Former stand-up comedian and current Guatemalan President Jimmy Morales did not mean to joke when he emphasized Sunday the "exemplary" work done by the army despite the overwhelming evidence it is responsible for systematic murder and human rights abuses in the country.
In a speech at an Army Day ceremony—an event that was prohibited for over a decade out of respect for the victims of the military genocide—the president said that "the army has been an exemplary institution contributing its abilities for the benefit of the public."
Morales praised the army's role in helping during and after natural disasters, maintaining security, combating drug trafficking and in international peacekeeping missions.
It has been an ongoing role, Morales said, that increases the "confidence that the people feel for their army."
Meanwhile, Defense Minister William Mansilla told reporters that they wanted the army once again to conduct parades on public streets, after participating in the commemorative acts for the 145th anniversary of the Revolution of 1871 and Army Day.
Initially, the government had announced that the army would parade through the capital's downtown, a resurrection of the traditional parade suspended in 2008 by social-democrat President Alvaro Colom so as not to offend the memory of the victims of the 1960-1996 military repression that left some 200,000 dead, 80 percent of them by the armed forces.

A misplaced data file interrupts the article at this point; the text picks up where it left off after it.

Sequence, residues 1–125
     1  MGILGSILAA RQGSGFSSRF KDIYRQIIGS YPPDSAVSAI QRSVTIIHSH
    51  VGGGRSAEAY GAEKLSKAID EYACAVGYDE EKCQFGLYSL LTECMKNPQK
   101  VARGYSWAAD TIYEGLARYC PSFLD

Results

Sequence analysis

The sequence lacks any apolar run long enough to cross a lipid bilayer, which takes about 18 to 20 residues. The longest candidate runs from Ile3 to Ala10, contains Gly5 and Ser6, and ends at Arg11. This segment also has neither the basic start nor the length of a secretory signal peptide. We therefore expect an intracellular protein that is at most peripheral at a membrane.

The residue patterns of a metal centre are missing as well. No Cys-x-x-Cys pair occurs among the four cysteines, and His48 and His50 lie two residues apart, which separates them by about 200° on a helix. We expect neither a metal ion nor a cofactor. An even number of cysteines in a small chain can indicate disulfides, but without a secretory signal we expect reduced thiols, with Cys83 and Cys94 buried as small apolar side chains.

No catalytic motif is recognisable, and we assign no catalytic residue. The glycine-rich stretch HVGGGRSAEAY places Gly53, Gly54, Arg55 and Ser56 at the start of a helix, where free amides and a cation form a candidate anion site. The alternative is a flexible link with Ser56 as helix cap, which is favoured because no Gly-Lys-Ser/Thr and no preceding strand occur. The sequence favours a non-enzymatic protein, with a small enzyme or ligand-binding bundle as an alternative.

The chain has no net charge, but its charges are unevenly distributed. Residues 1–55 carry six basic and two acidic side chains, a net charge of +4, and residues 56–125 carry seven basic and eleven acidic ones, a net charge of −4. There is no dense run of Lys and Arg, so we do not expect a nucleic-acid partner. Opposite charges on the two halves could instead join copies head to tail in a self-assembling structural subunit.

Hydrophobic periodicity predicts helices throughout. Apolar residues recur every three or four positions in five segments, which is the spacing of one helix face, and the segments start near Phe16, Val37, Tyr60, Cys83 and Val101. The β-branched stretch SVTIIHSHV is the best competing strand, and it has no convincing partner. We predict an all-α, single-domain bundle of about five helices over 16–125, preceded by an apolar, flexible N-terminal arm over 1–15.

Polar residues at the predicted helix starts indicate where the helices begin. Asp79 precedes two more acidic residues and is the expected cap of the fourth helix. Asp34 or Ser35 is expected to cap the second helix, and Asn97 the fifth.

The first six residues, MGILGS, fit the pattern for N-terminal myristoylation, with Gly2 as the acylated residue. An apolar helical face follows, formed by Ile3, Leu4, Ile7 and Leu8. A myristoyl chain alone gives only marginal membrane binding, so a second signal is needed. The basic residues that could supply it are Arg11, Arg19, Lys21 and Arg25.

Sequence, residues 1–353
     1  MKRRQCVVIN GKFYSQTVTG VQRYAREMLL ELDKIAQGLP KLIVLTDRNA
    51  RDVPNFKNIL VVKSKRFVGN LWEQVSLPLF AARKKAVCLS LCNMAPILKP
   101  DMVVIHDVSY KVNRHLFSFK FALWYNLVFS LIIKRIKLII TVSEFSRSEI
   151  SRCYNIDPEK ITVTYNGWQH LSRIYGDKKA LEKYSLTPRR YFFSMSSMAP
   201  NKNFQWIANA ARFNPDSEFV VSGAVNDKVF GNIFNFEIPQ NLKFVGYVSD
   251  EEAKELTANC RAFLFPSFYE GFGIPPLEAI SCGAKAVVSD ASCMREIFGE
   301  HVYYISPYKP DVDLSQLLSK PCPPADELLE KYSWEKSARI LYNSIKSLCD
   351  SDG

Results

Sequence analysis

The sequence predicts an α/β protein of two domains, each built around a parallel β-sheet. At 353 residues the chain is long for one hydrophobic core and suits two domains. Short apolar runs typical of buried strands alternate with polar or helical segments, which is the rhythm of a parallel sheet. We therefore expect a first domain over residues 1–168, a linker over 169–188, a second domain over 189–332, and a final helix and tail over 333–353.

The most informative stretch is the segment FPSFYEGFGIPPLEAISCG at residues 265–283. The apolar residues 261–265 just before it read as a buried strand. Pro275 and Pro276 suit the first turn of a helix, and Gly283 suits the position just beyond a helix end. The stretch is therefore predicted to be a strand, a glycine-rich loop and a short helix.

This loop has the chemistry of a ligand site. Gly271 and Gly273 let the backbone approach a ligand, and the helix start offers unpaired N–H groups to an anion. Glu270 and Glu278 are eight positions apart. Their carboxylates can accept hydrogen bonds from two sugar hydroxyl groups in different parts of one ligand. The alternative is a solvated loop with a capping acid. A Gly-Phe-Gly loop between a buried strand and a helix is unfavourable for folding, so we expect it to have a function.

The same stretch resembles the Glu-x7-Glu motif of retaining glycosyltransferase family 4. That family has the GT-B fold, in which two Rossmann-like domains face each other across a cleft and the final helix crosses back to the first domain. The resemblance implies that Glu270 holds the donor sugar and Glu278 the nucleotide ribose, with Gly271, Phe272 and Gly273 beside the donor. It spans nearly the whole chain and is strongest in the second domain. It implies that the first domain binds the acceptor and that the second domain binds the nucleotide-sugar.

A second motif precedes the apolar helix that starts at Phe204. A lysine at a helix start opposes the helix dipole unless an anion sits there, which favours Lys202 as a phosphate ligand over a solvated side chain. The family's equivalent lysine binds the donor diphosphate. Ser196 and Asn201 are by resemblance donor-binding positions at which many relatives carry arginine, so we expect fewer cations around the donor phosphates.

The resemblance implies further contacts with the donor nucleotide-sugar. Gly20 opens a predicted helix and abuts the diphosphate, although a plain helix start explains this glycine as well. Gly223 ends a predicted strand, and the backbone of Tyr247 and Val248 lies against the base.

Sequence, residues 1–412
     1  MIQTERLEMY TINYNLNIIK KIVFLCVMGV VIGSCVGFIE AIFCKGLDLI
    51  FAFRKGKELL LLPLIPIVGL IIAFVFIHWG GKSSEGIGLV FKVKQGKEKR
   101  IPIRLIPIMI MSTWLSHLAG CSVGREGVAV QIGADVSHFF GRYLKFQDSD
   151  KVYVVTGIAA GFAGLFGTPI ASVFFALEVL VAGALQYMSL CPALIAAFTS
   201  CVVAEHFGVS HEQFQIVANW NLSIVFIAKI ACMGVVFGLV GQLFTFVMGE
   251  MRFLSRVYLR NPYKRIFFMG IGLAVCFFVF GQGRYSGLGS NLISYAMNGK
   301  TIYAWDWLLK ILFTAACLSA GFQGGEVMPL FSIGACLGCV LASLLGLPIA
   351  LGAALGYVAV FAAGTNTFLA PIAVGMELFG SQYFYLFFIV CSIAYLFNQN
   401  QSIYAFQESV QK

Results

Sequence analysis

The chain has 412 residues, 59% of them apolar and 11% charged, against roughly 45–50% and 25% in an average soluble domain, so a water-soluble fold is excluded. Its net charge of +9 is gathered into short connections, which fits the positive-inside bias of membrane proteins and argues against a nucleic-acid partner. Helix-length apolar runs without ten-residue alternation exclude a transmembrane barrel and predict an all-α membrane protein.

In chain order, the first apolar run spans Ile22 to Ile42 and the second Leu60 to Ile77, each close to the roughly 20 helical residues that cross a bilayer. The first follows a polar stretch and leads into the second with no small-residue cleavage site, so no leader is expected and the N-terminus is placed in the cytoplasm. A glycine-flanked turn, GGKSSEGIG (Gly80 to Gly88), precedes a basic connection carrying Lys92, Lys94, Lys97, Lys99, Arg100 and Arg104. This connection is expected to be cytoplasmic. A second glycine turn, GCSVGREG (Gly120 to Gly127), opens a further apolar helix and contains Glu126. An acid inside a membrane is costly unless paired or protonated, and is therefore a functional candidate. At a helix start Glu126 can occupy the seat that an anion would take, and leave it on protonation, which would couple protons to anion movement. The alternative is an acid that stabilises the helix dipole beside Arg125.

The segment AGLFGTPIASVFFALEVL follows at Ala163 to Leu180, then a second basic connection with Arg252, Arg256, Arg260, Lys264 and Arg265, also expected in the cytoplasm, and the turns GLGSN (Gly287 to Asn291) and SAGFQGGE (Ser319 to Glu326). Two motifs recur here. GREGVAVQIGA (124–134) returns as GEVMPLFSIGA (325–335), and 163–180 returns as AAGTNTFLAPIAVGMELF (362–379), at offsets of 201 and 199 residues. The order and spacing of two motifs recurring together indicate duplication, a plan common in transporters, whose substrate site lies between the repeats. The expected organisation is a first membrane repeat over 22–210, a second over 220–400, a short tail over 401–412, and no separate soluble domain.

However, the controversy the planned parade generated forced the government to backtrack to guarantee public calm and "coexistence."
The parade was ultimately held on Sunday at the Central Air Command precinct before more than 2,000 guests.
Mansilla said that "it was a spontaneous demonstration by the population that believes and trusts in its army," denying accusations that military families were obligated to attend the event.
The defense minister said that public approval of the armed forces is above 70 percent, and he expressed his confidence that the troops will once again parade in public "in the future."
Morales' party Convergence is backed by a number of other former military officials who were in power for almost 40 years, a period that the U.N. said amounted to genocide against Guatemala’s Indigenous population. Edgar Justino Ovalle Maldonado is one of these officials, the co-founder of the party and one of the president’s top advisers.
Ovalle Maldonado is being prosecuted for his role in leading military operations in the Quiche region where 77 massacres took place during the country’s most horrific period of genocide during the early 1980s.